Persistence in Prayer: Our Best Hope

Living under a sense of injustice is one of the most corroding experiences to the human spirit. It can trigger unrelieved anger, cynicism, a desire for revenge. Or it can bring on depression, lapses into passivity, or an ongoing preoccupation with a burning grievance.  

Jesus knew that his followers would face injustices of many kinds, and that during some periods of their history injustice would be more intense than at other times. That is why his followers needed teaching about how to respond. 

According to Jesus, in Luke 18, the first response to injustice in life should be prevailing prayer. He said to his followers that “they should always pray and not give up” (v. 1).

Then, to underline the point, he told them a story about a woman seeking justice.  

The judge in the story was both godless and cold toward human need. We can guess he was available only to people who could pay up. 

But the woman who needed his help was a widow, completely on her own. The only one who could help her was this judge, who lived across town, but she could not pay. What to do?

The widow trekked across town, knocked at the judge’s door, and waited. The judge’s clerk opened the door, saw at a glance the marks of her poverty, and slammed the door. She had no chance to present her plea.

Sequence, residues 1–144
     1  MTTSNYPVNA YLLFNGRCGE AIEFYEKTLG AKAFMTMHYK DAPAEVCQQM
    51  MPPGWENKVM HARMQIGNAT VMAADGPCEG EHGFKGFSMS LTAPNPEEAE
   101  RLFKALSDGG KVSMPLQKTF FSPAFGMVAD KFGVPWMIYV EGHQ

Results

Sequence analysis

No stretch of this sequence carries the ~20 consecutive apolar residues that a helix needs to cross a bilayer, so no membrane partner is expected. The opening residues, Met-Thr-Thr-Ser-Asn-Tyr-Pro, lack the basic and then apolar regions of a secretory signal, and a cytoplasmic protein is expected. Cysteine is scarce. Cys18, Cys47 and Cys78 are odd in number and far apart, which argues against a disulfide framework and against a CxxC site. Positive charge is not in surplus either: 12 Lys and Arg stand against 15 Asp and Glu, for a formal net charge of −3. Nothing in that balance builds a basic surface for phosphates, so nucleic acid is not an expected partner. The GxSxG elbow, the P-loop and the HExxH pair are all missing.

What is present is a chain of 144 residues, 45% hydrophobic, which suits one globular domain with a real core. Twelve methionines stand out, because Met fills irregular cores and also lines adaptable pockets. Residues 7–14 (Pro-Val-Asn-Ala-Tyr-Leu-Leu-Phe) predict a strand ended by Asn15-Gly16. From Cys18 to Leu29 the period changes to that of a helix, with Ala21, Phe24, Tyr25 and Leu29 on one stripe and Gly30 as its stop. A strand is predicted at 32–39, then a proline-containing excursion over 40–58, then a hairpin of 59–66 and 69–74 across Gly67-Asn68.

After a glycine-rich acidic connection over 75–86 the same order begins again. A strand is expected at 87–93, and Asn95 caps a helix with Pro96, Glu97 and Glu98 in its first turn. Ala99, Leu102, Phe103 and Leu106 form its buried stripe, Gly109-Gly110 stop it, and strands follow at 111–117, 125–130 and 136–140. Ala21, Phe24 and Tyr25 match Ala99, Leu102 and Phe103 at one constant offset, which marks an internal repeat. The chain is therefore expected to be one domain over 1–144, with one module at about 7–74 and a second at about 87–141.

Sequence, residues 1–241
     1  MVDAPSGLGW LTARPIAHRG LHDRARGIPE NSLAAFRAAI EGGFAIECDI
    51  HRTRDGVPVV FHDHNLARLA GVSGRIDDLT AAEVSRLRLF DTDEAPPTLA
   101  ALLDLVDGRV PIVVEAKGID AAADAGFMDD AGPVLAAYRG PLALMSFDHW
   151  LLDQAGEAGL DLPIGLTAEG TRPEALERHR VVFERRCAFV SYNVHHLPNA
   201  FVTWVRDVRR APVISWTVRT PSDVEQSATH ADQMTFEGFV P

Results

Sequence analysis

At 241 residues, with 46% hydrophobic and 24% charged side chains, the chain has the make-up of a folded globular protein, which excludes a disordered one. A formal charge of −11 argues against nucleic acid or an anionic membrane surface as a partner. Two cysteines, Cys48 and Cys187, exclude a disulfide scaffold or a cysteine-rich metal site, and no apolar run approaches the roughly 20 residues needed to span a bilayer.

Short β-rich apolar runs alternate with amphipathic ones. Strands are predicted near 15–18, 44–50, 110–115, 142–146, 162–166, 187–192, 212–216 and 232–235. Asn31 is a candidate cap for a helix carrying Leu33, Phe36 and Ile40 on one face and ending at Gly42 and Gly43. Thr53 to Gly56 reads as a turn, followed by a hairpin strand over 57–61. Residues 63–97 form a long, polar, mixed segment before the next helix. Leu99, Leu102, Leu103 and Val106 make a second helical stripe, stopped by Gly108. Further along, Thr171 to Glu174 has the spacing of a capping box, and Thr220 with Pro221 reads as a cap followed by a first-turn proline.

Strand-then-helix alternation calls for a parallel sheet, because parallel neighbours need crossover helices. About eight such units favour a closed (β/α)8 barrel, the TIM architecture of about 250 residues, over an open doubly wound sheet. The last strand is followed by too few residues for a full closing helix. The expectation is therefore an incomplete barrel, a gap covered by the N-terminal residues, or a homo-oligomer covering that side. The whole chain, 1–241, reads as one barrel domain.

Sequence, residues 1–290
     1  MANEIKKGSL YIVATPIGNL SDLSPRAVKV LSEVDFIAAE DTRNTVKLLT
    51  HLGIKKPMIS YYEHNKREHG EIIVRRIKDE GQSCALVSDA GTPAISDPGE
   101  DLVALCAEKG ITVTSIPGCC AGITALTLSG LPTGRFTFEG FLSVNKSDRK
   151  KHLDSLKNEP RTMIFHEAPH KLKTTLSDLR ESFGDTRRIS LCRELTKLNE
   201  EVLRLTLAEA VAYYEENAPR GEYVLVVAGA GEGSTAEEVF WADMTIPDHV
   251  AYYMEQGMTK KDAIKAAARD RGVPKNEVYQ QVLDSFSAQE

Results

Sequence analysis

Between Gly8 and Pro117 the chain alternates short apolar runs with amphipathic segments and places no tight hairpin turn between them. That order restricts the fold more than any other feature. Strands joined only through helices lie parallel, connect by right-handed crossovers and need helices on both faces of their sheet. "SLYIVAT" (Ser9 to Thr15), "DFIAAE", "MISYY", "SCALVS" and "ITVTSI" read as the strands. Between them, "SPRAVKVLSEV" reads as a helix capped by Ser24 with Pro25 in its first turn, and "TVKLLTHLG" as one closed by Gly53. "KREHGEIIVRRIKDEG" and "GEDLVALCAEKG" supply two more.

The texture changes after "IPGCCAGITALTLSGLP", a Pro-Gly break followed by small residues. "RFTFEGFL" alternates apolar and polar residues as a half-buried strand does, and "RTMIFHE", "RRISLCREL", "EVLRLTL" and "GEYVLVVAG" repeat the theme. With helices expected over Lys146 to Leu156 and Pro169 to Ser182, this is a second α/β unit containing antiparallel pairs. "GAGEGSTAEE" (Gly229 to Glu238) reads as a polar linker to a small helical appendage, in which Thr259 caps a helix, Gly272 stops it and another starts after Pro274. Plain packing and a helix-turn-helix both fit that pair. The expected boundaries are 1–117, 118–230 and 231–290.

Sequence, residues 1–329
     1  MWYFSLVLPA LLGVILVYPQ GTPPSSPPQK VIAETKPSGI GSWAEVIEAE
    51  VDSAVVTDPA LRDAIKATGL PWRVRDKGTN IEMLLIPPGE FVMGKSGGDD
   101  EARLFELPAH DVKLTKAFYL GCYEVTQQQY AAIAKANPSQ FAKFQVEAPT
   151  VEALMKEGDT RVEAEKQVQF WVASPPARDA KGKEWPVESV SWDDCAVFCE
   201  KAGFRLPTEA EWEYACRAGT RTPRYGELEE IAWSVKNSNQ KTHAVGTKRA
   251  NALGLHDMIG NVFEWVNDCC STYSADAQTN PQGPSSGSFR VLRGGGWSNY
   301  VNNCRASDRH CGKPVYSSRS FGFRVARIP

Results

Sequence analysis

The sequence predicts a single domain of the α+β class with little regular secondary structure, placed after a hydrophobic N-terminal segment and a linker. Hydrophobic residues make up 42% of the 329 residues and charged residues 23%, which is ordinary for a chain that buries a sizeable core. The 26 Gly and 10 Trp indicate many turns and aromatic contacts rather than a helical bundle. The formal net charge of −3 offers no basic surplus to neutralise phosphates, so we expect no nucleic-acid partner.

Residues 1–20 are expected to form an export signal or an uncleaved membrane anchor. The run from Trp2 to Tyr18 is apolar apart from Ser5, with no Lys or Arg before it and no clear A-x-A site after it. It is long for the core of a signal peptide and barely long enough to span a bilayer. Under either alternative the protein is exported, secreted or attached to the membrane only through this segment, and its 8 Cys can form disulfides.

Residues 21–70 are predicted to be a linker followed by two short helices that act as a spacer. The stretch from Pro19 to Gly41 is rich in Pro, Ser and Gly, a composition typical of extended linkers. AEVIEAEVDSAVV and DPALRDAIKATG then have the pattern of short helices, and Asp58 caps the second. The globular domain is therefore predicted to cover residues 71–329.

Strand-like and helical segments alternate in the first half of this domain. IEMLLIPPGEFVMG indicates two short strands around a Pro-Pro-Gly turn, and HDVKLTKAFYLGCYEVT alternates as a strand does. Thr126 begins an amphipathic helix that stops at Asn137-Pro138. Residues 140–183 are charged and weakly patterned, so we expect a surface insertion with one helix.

But the next morning, though weary, she made the same trek. This time the judge’s assistant directed a mouthful of abuse at her and slammed the door again. For several days she got the same response. But she kept on. 

Then came a surprise. One morning the judge’s assistant greeted her with a legal paper in hand. It assured her of the protection she needed. Her persistence had won for her the security she had pleaded for. 

Why did the judge yield to her repeated entreaties? It was not that his heart had warmed. Jesus explained that the judge had yielded because he began to fear that if he didn’t meet her need she might even attack him. The constancy and intensity of her asking had won her case!   

Why then dwell on injustices that cripple our spirits? If a heartless judge can be moved to do the right thing by persistent appeals, why not believe that unceasing prayers to a loving Heavenly Father, offered earnestly and repeatedly, will bring justice in this world or the next (Luke 18:6-7)?

Jesus then attached this question (v. 8): “When the Son of man comes, will he find faith on the earth?” That is, will there be believers who are practicing intense prayer to overcome the injustices that plague them? 

This was Jesus’ searching question to his disciples two thousand years ago, and it is still addressed to his followers today. We must answer it individually.

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Photo credit: Ninac26 (via

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